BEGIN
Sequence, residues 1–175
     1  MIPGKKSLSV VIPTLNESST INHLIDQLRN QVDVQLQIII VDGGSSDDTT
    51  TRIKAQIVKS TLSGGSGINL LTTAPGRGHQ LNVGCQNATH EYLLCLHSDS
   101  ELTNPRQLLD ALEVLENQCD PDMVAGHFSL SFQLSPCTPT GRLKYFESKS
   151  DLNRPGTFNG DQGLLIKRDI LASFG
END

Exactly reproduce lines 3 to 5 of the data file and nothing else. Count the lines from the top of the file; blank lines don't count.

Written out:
    51  TRIKAQIVKS TLSGGSGINL LTTAPGRGHQ LNVGCQNATH EYLLCLHSDS
   101  ELTNPRQLLD ALEVLENQCD PDMVAGHFSL SFQLSPCTPT GRLKYFESKS
   151  DLNRPGTFNG DQGLLIKRDI LASFG